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Patient’s Bill of Rights

(source: newsletter from SmarTax and Accounting, 720-744-9958)

Patient's Bill of Rights

New regulations issued June 22nd

On June 22nd the Departments of Labor, Treasury and Health and Human Services issued regulations to implement a new Patient's Bill of Rights as part of the Health Care Reform Act. The goal of the Patient's Bill of Rights is to "Put American consumers back in charge of their health coverage and care." The new Patient's Bill of Rights applies to health coverage issued on or after September 23, 2010.

The major initial provisions include: 

Pre-Existing Condition Exclusions for Children under age 19.
Insurance plans can no longer deny coverage to children based upon a pre-existing condition. This limit applies to both specific coverage denials (because of a pre-existing condition) AND banning benefit limits (refusing you a policy).

Note: This pre-existing condition right will apply to all Americans beginning in 2014.

Elimination of Arbitrary Rescission of Coverage.
Insurance companies may no longer retroactively cancel your policy when you become sick or because of an "unintentional" mistake on your paperwork. The only exception is if the case involves fraud or intentional misrepresentation of the facts.

Note: It is not yet clear who holds the burden of proof on this provision.

3 No Lifetime Limits.
Effective for all policies issued after September 23, 2010 and those renewing after this date, there can no longer be lifetime limits placed on health care plans.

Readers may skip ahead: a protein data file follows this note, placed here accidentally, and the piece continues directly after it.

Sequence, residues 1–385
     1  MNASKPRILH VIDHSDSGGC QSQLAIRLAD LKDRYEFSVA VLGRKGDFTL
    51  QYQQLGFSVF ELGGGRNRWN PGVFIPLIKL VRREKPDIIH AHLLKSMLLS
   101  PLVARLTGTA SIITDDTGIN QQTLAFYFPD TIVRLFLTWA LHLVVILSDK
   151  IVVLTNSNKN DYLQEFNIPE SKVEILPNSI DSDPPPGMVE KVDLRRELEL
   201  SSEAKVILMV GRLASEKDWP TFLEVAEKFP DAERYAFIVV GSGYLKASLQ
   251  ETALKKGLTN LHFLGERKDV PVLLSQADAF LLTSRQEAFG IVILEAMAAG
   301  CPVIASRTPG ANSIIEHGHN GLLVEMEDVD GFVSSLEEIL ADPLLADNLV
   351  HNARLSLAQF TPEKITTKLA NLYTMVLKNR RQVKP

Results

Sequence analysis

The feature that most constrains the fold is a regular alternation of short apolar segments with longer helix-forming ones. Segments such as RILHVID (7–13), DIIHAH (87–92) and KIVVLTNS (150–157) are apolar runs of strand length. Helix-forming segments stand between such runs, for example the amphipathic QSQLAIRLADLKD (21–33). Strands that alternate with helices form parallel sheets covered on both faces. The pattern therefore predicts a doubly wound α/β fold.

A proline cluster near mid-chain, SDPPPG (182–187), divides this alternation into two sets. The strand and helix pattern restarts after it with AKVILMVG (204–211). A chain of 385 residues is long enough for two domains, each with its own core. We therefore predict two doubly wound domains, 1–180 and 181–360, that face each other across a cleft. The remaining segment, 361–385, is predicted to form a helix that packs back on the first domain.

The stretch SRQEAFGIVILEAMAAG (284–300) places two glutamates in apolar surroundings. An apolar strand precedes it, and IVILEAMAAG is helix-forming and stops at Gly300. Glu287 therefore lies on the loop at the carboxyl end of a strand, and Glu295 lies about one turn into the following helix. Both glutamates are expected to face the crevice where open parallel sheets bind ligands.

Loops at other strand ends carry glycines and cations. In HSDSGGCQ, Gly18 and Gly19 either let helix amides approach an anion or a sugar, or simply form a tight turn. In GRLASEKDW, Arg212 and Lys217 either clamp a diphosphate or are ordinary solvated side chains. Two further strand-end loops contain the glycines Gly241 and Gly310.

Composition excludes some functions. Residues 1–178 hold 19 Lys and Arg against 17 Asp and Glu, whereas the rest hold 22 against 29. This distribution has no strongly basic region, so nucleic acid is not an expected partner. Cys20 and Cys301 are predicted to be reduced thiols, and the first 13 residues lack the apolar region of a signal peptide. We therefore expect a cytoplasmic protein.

Annual Dollar Limits.
There is a phase out of annual dollar expenditure limits on health plans over the next three years:
annual limit
Beginning September 23, 2010: $750,000
  2011: $1,250,000
  2012: $2,000,000
After January 1, 2014: none
5 Protect Your Choice of Doctors. Health plan members are able to designate any available participating primary care provider. This includes pediatricians for your children and OB-GYN providers. An important provision in this area is the prohibition of requiring a referral prior to seeing an OB-GYN for care.
6 Removing Insurance Barriers to Emergency Services. Insurance providers may no longer place barriers or differentiate payment for using emergency services that are outside a plan's network versus other out of network providers.

The "grandfather" loophole?
Many of the provisions in the new Patient's Bill of Rights have a "grandfather" clause included. The clause means different things in different parts of the Bill, but generally allows for current health plans and insurers to be partially excluded from the Patient's Bill of Rights. What should you do? Ask your employer or health insurance provider if they plan to be fully compliant with your new rights.

The "cost" question.
All these new provisions will logically cost health insurance providers more money. The statisticians are estimating up to 1% in added cost will be incurred with these changes. There is also hope that by providing more appropriate coverage for more Americans that overall health costs can go down. Unfortunately, no one is really sure what the true financial impact will be.

If interested in more information please review the "Fact Sheet" at This website will also provide ongoing updates as the Health Care Reform Act is implemented.